Queensland State of Origin star Moses Mbye has almost died during a horror incident in Perth.

The Wests Tigers captain gave the Queensland team an extraordinary scare after he collapsed at the team hotel ahead of Origin Game 2 at Optus Stadium on Sunday night.

According to reports, Mbye was lucky to have been found so quickly after falling into an anaphylactic shock, assumed to be the result of an allergic reaction.

Maroons team doctor Matt Hislop was able to take immediate action to save his life.

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According to reports, Hislop was the one who found Mbye slumped on the floor in the team's hotel.

Mbye may still be living only because of the freak coincidence that it was the team's doctor who first found him on Friday morning.

The Courier-Mail has reported extraordinary details of the quick-thinking that saved Mbye's life.

The report outlines how Mbye called Hislop to his hotel room, complaining of a breathing issue during the team's day-off around 10.30am on Friday.

By the time the medical chief got there, Mbye was slumped on the floor outside his room and struggling to breath.

Hislop then administered an injection of epinephrine to his upper leg to save his life.

Mbye was close to death after his airways closed up in the frantic moments before Hislop was able to jump into action.

He was then monitored by staff for the rest of the morning before making the extraordinary decision to participate in the team's training session just hours after having his life flash before his eyes.

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According to reports, the QRL was able to contact Mbye's wife and his three children back in Sydney on Friday to assure them that the star utility was making a full recovery.

Mbye has told the team he has no allergies and has never previously suffered an anaphylactic shock.

Queensland released a statement on Saturday to announce Mbye will play in the second game of the Origin series.

The QRL also confirmed Mbye had suffered an allergic reaction on Friday and was found outside his hotel room slumped on the floor.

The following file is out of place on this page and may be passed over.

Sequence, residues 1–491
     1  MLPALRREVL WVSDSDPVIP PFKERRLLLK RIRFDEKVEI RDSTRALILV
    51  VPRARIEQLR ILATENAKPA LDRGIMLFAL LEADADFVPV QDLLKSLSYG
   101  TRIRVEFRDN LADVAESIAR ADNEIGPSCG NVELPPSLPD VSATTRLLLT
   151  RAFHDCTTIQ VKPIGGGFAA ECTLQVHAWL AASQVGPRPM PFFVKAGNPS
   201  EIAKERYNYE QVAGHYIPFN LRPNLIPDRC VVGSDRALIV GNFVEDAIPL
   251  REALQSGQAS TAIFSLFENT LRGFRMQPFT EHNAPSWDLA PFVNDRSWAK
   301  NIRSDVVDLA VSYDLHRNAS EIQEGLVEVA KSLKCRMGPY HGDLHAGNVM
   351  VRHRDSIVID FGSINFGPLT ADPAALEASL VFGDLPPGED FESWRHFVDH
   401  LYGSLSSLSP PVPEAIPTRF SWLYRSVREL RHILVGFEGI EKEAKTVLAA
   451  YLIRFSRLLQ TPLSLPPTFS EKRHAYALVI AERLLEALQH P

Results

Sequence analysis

"He stabilised and made a complete recovery," Hislop said in the statement.

"There is no risk with him playing or training, but he will need to have further tests done when he returns to Sydney.

"Moses developed a serious allergic reaction and he was worried enough to call me straight away.

"By the time I was able to see him, he was beginning to show signs of the reaction with a skin rash and swelling. I started treatment immediately and he responded quickly.

"His vital signs were observed for a number of hours after the event.

"He stabilised and made a complete recovery. We've got a well-stocked medical kit to deal with all sorts of emergencies."

Anaphylaxis is a severe medical emergency and the symptoms are potentially life-threatening.

Despite the scare, the 25-year-old was able to participate and complete the team's final training run on Saturday — clearing him to come off the bench against NSW.

Mbye said in a statement he feels ready to play.

"It was something that came on unexpectedly. I have never experienced anything like that before," Mbye said.

"It was obviously a reaction to something. I started feeling a bit itchy and light-headed — I phoned the doc and he managed it professionally. We had all our supplies here ready to go and we got on top of it early.

"I'm feeling sweet now and ready to play."

Queensland coach Kevin Walters didn't reveal the Mbye medical drama when asked about the utility at Saturday's captain's run.

Walters only spoke about giving Mbye more game time after the Tigers star had just seven minutes off the bench on Origin debutin Game 1.

"It depends on the situation of the game but we have a lot of confidence in what Moses can bring," Walters said.

"He had just a little window of opportunity in game one, we know he is a terrific player at club level.

"He showed that he could handle the step up in class albeit for a short period of time but he will be ready to go when we need him."

The NRL world was shocked by the breaking news on Saturday.

"It's really scary stuff when you hear that," NSW legend Michael Ennis said on Fox League.

"Often in Origin you hear about vomiting and diarrhoea and bugs and that sort of stuff. But this was serious stuff. Lucky the doctor was there right on queue to save Moses. He's a very lucky man."

Blues great Luke Lewis said on Saturday night: "It's so scary.

"I tell you who I do feel for, his family having no control (over the situation). It's just mind-blowing."